Feedback is not a gift

#2 Having better performance conversations series

How many times have we heard ‘Feedback is a gift!’? I think at least 100 times from me. But I am not sure I believe this anymore. Yep, you heard it. The feedback expert is changing her stance. 

Blanket statements like this can be damaging. We’ve all received gifts before that we didn’t like or sometimes were even wary of. Like the time I received a coffee machine from a partner (when I didn’t drink coffee). Yep true. 

When I was writing ‘Flawsome: The journey to being whole is learning to be holey’ I took the perspective that all feedback was good. That we had to be conscious of our triggers and how we react to feedback – to learn to find the gold. I still believe this. And I know that when we realise that other people’s perspectives are just that – perspectives then we can choose to hear what we like. But it’s not black and white. We live in the grey. 

How we give feedback matters. We can choose to ignore the content. We can disagree with others’ perspectives. If we didn’t we would all be in echo chambers in complete agreement and nothing would change. It’s unhelpful and unrealistic to think we need agreement in this world. But what we need more of is kindness. When feedback doesn’t feel kind something is missing. What’s missing is good intent.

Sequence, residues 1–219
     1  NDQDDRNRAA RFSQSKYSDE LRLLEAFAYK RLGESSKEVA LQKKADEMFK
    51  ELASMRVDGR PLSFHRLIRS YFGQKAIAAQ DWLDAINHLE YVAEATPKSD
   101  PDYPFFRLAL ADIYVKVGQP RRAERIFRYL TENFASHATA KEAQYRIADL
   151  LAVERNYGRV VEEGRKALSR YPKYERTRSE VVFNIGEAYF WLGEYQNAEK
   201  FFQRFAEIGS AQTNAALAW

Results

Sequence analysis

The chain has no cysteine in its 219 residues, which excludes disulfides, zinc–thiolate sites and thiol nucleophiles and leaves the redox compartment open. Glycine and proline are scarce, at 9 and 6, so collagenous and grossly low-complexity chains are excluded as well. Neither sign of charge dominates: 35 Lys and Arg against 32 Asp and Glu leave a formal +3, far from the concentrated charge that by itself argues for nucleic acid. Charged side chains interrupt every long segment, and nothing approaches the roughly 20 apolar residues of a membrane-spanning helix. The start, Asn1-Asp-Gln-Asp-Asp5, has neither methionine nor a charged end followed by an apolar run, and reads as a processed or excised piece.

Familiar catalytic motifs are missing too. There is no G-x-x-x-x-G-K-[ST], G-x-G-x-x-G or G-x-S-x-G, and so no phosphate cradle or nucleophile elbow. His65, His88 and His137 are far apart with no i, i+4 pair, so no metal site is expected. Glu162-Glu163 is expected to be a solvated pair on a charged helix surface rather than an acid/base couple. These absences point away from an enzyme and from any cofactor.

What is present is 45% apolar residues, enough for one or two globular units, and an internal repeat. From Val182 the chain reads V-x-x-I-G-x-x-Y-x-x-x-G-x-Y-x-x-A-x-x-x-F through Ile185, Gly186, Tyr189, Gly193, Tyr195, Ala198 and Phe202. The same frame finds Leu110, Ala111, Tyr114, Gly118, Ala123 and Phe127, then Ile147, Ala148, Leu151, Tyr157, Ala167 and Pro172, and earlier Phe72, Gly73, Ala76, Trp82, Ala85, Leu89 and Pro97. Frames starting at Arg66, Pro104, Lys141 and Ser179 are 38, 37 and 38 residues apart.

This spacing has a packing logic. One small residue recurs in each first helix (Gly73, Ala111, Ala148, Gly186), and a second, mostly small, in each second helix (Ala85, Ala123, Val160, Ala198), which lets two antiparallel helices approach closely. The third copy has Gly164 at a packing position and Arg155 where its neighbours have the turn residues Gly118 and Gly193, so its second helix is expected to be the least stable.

Feedback that’s not a gift comes with poor intent. It can look and sound like many things: 

  • The feedback vomit: Content given with no intention of hearing your side.
  • The hidden agenda: They are saying one thing but you can smell another.
  • The ‘I don’t have time’: Said quickly with little right of reply or even better, sent as an email.
  • The opinion barrage: No examples or facts. Just a slew of opinions and something finished with ‘everyone else thinks so’.
  • The assassination: Where statements like; “I’m just speaking my truth” are the defense. Which becomes an excuse to verbally assassinate another.
  • The power play: The ‘I am your boss’ move which is a blatant use of power.

You get the gist. 

What if you receive feedback that feels harsh, unfair, and unkind? Give them feedback about their feedback. Show them that content and intent matter. Otherwise, our future experiences, with them and for many others, may be the same. And, how will they learn? And do it with grace. Show them how it is done. Even when you don’t feel like it. 

Come along to my upcoming free online session on ‘Embedding a feedback culture’ to discover how we can make feedback sessions more kind. Check it out and register here.